And in case anyone was wondering:
PS: the drone is not autonomous, it doesn't hurt people.
A brilliant move that reminds me of one smart recruitment tactic I saw last summer at the social startup Sonar.me. Last summer, desperate for backend engineers, they posted this compensation package. The package included everything here if you accepted their (market rate!) engineering job:
- A Zero Gravity Experience (in other words, they’ll fly you to near-space and let you float around)
- A “Round The World” flight ticket
- 1 year supply of scotch (“For the long nights,” they say.)
- Hang Gliding trip
- Sky Diving trip
- Surfing lessons
- 1 Ticket to SXSW and any big data conference
- 1 year gym membership
- A night’s stay at the Waldorf Astoria
- New wardrobe from uniqlo
- Makerbot 3D Printer
- 64GB iPad 2
- High-def video projector
The actual cost of all this stuff is probably fairly competitive when compared to a cash bonus with equivalent attractiveness. The cost of assembling the package? A few weeks of intern time. I'll be surprised if more startups don't adopt this sort of approach to recruitment, especially as a way of self-selecting adventurous, creative talent.
Distribution is a feature, not a marketing plan. Over at Redpoint, Tomasz Tunguz wrote a great little article last week about what he called "startup judo," the way successful startups find something they can use as leverage against competitors that doesn't fight strength with strength. This secret sauce can be anything, but Tunguz mainly highlighted distribution.
Startups shouldn't rely on more manpower, bigger ad budgets or data access advantages in fields where there is a large incumbent. During its infancy, Google won with distribution. Most internet companies believed search wasn't valuable. Google thought differently. They offered to power all the major portals' search engines and eventually dethroned them. This was Google's secret.
If that description doesn't sound like distribution in the traditional sense, it's because it isn't. The key to Google's early success wasn't pursuing brute-force tactics like shipping more copies of software, gaining more users, or even being the only search engine in town. It was finding a way to insert their slightly better version of search into people's lives without pissing off other players. It's easy to forget that Google found early success by providing search services to other companies. Once they found that initial entrance point they were able to rapidly expand and crowd out the very companies who helped them get a leg up. Google is far from the only one to use this approach. Amazon used cheap Internet book sales as a way into the web services market. Yammer worked its way into thousands of offices by allowing any employee to start a network for free without asking permission of higher-ups. There are hundreds more examples from tiny startups to large tech companies building distribution into their product in order to get a foothold and then starting to expand.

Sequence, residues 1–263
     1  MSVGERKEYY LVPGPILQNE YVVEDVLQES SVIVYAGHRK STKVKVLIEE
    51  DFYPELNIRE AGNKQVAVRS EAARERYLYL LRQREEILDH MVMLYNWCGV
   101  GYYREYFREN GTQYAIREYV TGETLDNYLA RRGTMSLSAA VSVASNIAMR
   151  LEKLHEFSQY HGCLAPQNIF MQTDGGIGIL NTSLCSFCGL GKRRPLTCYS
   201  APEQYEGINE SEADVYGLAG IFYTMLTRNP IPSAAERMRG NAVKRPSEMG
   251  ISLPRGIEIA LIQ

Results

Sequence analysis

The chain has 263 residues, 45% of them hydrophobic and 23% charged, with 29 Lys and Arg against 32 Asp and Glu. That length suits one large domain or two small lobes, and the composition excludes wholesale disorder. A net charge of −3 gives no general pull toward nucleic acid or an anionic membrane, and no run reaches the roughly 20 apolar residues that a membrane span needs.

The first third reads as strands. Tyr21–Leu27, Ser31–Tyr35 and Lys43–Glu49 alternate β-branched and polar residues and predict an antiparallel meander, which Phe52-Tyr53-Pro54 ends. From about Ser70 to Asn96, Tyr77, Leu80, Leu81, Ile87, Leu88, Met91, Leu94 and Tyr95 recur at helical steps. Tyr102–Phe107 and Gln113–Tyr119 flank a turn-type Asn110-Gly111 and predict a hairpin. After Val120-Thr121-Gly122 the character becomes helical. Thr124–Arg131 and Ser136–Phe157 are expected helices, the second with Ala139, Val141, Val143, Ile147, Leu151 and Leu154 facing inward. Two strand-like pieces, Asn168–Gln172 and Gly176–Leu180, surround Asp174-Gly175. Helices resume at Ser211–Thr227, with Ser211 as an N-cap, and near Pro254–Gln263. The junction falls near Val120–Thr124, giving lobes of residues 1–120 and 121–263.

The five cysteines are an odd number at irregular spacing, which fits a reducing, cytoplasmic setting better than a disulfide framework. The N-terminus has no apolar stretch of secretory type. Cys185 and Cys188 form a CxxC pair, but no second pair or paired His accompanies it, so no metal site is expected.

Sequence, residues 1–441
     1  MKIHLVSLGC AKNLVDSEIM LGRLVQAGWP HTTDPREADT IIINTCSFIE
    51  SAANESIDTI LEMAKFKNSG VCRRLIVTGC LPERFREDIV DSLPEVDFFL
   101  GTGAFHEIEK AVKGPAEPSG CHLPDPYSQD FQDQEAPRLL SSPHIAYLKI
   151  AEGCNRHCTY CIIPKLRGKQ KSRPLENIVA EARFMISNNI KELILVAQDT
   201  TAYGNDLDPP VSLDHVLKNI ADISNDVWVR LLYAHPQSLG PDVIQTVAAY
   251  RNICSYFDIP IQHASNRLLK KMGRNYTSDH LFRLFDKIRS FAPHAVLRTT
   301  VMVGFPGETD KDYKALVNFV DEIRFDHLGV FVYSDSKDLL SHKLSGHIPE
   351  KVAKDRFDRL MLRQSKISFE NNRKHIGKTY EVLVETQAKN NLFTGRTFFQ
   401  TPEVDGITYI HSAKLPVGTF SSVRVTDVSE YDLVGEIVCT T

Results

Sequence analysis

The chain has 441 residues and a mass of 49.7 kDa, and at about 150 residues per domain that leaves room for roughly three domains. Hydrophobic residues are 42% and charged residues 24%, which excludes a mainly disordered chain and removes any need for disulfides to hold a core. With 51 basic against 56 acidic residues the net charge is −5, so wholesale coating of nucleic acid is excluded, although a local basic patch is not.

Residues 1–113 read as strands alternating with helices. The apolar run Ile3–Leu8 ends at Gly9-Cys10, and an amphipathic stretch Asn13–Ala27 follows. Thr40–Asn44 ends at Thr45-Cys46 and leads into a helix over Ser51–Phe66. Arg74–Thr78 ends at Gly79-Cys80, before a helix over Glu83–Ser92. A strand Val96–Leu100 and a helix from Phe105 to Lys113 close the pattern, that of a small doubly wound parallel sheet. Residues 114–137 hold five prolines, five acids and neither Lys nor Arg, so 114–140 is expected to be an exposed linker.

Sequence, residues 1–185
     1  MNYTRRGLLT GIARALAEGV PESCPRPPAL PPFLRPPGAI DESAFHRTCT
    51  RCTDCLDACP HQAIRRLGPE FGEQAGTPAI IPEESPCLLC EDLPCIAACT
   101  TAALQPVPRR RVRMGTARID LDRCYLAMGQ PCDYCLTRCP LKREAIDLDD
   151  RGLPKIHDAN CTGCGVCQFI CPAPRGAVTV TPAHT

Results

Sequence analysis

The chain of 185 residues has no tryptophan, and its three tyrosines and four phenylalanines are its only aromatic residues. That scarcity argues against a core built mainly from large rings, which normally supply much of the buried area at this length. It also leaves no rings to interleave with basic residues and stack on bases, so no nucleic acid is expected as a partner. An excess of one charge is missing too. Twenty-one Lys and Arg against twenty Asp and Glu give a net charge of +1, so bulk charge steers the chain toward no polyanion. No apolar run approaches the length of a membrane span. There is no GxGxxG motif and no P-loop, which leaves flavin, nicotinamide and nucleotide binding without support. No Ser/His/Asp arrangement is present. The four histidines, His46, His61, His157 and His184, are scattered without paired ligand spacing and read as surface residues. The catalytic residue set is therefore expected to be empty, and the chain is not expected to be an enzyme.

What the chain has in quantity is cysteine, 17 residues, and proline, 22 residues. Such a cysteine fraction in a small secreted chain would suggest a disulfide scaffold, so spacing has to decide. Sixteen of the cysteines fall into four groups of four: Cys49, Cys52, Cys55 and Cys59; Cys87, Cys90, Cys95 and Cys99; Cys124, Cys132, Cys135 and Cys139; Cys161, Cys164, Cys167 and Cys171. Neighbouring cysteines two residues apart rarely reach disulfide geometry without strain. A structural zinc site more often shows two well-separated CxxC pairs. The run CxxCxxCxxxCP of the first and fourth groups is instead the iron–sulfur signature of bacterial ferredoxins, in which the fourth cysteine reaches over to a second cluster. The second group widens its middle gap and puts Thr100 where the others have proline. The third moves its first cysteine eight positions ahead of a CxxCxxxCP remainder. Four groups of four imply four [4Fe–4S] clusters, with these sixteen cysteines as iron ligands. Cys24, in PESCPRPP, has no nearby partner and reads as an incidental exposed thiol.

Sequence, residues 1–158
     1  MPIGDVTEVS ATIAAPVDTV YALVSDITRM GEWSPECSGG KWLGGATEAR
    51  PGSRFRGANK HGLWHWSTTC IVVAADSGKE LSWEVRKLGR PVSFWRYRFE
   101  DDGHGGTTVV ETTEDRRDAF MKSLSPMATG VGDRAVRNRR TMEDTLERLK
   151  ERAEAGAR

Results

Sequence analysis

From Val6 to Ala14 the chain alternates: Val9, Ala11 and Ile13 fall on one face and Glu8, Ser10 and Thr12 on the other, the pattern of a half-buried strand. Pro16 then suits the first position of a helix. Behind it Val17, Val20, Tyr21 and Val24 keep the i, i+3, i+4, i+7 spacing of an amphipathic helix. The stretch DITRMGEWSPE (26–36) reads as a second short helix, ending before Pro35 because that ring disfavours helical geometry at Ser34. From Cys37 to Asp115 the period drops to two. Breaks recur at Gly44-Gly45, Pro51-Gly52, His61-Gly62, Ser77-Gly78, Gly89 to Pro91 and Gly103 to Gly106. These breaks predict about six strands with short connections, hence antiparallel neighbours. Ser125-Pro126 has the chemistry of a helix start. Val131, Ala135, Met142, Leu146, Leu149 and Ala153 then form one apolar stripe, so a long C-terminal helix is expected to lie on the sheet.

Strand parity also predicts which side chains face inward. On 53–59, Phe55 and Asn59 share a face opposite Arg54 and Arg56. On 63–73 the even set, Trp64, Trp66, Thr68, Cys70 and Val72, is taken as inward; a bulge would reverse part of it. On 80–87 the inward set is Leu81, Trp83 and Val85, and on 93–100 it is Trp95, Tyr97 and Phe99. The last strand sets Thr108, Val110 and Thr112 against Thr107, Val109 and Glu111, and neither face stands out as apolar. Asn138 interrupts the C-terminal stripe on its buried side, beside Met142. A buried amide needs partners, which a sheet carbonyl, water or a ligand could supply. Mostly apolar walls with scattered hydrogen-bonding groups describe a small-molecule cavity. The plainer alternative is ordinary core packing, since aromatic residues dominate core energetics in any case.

Why are tech companies so successful at this strategy? Probably because they're often run by engineers. If you look closely at these examples, you'll see a combination of two common developer thought patterns we've discussed before: breaking off small chunks of complex problems and using lateral thinking to less obvious solutions but better solutions. Used together, the two techniques can make a company unstoppable.
Most traditional companies would see distribution as a problem to be solved after a product is finished. Once everything is built, you kick out the engineers and drag in the marketing gurus to convince people to start using it. The genius of successful tech companies is that they realize that the process doesn't have to be linear. You don't need to beat every competitor at everything, and you don't have to be finished with your product before you start to spread it. In fact, they tend to build distribution into their products as a feature from the beginning.
Facebook is perhaps the best example of this kind of logic at work. The original version of the site was almost embarrassingly simple and included just a tiny fraction of the features we use today. But it was enough to be slightly more useful than its competitors, and it was deliberately designed to be more interesting as you convinced more of your friends to join. Once it worked its way into people's lives, it had the foothold to expand into a communication tool, gaming platform and, most recently, an operating system layer for desktop and mobile web.
These examples offer a less intuitive recipe for success that any business can learn from: Think of distribution as a part of your product from the beginning, and don't try for world domination right away. Build the simplest and most useful version of your product first. Once you have a foot in the door, you might just be unstoppable.
Businesses have access to more data than ever before. This isn't necessarily a good thing. As Zynga Product Manager Kenton Kivestu writes:
There is a risk of PMs / orgs / companies over-utilizing a “data-driven” approach to the point where decision makers neglect pursuing step-function changing ideas because the “data doesn't support it.” A healthy use of this data requires a keen understanding of when to ignore it.
One way to avoid the temptation of precision is to throw it out the window entirely. Engineers have long used a trick called a "back of the envelope" calculation to examine their assumptions and avoid getting bogged down in time-consuming, precise analyses. The idea is to pose a question and answer it by making assumptions and estimating rather than trying to find the exact number. Usually, you'll either realize that you're asking the wrong question or arrive at a result that's close enough to the right answer to make an accurate decision without devoting valuable resources to finding the precise solution.